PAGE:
McDonalds Drive Thru Thumb
McDonald's tests system that could change the fast food industry
01:59 - Source: CNN Business
New York CNN  — 

A South Florida jury returned a split verdict in a civil lawsuit filed against McDonald’s and one of its franchisees that alleged “dangerously hot” chicken nuggets from a Happy Meal burned a toddler, according to CNN affiliate WPLG.

The jury on Thursday found that McDonald’s and franchise owner Upchurch Foods liable for failing to properly warn or provide reasonable instructions on the possible harm from the hot McNuggets dispensed at a Tamarac, Florida, drive-thru, the news station reported. However, only Upchurch Foods was found to be negligent. Jurors also found there was no inherent defect in putting McNuggets on the market and no breach of implied warranty.

The suit was filed in 2019 against McDonald’s and Upchurch Foods. The Fort Lauderdale jury said both were at some fault for the burns sustained by Philana Holmes and Humberto Caraballo Estevez’s daughter when the hot nuggets fell on to her lap, WPLG reported.

The complaint said Holmes bought and paid for the Happy Meal from the drive-thru and then drove away. The nugget fell and became lodged between her 4-year-old daughter’s leg and car seat, the law firm representing the plaintiffs said.

“The Chicken McNuggets inside of that Happy Meal were unreasonably and dangerously hot (in terms of temperature),” and caused her “skin and flesh around her thighs to burn,” the complaint alleged, leaving her “disfigured and scarred.”

The complaint said the franchise should have known the nuggets were “unfit for human handling,” had a duty not to sell them, and it should have adequately trained and supervised its employees.

The law firm representing the plaintiff, Fischer Redavid, said in a blog post that the case will go to a second trial to “determine the damages owed to our client.”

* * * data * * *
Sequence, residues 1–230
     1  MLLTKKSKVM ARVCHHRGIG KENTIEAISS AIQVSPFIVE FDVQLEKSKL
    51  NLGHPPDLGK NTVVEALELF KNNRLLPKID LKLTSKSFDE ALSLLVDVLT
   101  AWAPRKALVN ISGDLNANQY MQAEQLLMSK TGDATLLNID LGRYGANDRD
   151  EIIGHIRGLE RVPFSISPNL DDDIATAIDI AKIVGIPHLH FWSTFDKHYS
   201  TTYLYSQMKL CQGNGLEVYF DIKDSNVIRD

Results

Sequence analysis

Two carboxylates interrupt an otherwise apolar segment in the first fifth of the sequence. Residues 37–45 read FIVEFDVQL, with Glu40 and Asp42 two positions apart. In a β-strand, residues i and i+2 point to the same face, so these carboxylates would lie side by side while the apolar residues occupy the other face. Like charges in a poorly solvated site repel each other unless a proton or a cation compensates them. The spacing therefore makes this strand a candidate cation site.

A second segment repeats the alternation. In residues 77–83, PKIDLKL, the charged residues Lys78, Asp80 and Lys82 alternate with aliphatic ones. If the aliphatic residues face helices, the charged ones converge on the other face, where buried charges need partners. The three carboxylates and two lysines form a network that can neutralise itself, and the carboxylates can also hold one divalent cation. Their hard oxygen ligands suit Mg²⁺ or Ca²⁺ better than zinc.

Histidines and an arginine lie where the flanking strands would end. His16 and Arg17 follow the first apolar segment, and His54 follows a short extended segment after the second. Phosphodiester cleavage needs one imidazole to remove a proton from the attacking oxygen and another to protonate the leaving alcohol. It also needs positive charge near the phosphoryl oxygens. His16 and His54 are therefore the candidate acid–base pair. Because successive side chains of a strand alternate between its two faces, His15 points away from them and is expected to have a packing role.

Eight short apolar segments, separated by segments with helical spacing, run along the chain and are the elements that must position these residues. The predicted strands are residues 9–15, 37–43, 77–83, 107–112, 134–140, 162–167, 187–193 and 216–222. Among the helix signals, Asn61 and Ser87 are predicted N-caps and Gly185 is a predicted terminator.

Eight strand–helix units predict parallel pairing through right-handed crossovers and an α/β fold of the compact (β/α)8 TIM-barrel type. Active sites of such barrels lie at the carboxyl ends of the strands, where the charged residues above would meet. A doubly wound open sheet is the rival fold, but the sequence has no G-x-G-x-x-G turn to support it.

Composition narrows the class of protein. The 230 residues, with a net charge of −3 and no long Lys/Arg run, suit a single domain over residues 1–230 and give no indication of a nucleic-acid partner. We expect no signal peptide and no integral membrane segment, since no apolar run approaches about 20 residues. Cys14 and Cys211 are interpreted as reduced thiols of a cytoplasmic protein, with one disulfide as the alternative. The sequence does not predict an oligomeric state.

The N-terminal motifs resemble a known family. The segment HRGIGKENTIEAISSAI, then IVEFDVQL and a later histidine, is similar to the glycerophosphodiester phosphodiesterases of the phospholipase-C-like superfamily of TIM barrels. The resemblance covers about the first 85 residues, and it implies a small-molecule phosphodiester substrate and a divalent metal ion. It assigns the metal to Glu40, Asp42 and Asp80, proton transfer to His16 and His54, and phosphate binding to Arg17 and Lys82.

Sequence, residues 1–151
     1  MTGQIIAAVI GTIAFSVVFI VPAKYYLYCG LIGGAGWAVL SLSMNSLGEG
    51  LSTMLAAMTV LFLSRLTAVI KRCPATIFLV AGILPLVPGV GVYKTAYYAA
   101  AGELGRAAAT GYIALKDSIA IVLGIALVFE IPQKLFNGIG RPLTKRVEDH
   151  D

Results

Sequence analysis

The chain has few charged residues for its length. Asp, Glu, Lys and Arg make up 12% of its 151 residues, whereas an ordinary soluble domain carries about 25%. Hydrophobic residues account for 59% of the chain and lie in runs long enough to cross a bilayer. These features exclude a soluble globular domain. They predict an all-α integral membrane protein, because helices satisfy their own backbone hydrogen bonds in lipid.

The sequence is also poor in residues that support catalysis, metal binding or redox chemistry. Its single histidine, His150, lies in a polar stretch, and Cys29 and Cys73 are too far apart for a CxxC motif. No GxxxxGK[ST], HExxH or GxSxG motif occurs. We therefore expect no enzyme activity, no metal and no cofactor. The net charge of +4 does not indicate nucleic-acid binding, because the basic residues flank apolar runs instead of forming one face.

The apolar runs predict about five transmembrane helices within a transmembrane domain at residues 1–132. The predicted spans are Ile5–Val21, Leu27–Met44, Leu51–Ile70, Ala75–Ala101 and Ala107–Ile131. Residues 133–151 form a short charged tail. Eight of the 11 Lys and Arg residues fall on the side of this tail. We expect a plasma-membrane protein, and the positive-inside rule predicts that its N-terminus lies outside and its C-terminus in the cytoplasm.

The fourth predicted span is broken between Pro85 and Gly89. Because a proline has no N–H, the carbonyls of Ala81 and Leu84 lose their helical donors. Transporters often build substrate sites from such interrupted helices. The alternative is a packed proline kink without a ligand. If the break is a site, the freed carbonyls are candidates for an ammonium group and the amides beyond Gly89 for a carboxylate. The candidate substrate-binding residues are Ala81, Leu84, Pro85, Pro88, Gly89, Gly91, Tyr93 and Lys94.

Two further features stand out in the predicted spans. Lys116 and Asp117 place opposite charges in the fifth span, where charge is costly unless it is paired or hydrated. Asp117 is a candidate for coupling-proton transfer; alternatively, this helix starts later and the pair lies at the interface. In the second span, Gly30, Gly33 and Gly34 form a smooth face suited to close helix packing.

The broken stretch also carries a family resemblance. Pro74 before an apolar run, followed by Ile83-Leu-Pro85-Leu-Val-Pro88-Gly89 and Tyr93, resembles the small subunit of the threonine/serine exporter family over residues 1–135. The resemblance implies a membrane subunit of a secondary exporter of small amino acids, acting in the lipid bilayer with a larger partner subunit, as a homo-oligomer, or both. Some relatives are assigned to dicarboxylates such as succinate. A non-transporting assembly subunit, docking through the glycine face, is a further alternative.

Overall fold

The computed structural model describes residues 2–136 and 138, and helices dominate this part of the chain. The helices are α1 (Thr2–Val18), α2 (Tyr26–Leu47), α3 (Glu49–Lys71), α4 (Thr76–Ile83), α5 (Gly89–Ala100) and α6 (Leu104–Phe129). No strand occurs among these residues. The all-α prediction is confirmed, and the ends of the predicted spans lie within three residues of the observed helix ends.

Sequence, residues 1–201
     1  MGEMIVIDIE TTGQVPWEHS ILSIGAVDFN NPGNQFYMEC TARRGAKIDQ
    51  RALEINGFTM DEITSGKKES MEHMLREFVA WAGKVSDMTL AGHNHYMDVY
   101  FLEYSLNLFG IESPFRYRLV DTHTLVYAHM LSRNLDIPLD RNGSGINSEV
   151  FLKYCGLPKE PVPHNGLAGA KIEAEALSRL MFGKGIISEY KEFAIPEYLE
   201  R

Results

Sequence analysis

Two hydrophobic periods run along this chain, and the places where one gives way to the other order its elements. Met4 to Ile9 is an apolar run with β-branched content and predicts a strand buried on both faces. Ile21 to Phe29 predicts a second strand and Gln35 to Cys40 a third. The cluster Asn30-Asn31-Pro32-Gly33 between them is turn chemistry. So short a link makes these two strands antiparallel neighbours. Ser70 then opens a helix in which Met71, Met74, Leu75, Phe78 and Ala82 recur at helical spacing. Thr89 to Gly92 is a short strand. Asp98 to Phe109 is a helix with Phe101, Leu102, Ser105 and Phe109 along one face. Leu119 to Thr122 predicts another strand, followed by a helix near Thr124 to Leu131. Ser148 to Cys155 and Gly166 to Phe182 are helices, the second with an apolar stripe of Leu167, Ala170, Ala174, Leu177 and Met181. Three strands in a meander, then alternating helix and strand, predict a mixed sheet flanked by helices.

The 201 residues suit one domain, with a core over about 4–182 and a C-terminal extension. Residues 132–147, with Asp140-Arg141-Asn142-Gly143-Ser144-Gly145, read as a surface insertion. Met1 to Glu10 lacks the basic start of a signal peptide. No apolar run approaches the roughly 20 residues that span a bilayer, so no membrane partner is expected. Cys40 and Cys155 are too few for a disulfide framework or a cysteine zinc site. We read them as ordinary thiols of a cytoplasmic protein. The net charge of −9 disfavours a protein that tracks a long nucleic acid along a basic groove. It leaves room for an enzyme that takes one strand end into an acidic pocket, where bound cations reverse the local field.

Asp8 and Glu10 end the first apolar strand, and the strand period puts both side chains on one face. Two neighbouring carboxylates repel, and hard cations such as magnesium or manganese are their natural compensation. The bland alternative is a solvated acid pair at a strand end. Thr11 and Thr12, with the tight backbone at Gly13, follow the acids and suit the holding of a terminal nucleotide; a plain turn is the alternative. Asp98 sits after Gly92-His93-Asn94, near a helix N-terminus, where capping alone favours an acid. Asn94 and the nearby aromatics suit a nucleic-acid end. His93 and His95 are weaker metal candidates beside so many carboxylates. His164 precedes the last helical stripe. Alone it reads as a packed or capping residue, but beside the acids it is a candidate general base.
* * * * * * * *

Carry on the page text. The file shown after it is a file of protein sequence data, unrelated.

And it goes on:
The case echoes the infamous McDonald’s hot coffee lawsuit of the ’90s, in which a woman spilled coffee on her lap and suffered third-degree burns. A jury agreed with her contention that the coffee was unreasonably hot. Fischer Redavid noted that the plaintiff in that case was initially awarded nearly $3 million, but she settled for less after an appeal.

“This is not the infamous Hot Coffee case; this is Olivia’s case,” the law firm said in a statement to WPLG. “She’s an adorable, innocent child who was severely burned through no fault of her own.”

In a statement, McDonald’s called it an “unfortunate incident” but that they “respectfully disagree with the verdict.” McDonald’s defense said it had no control over the injuries and damages.

“Our sympathies go out to this family for what occurred in this unfortunate incident, as we hold customer safety as one of our highest priorities,” local McDonald’s owner and operator, Brent Upchurch, said in a statement. “That’s why our restaurant follows strict rules in accordance with food safety best practices when it comes to cooking and serving our menu items, including Chicken McNuggets.”

Upchurch said the Tamarac location “did indeed follow” safety protocols.

Fischer Redavid’s statement said the verdict “reflected the truth, the facts, and the law.”

“We don’t view this as a ‘split verdict.’ Two defendants went to trial, denying liability. A jury found both liable.”

- CNN’s Danielle Wiener-Bronner contributed to this report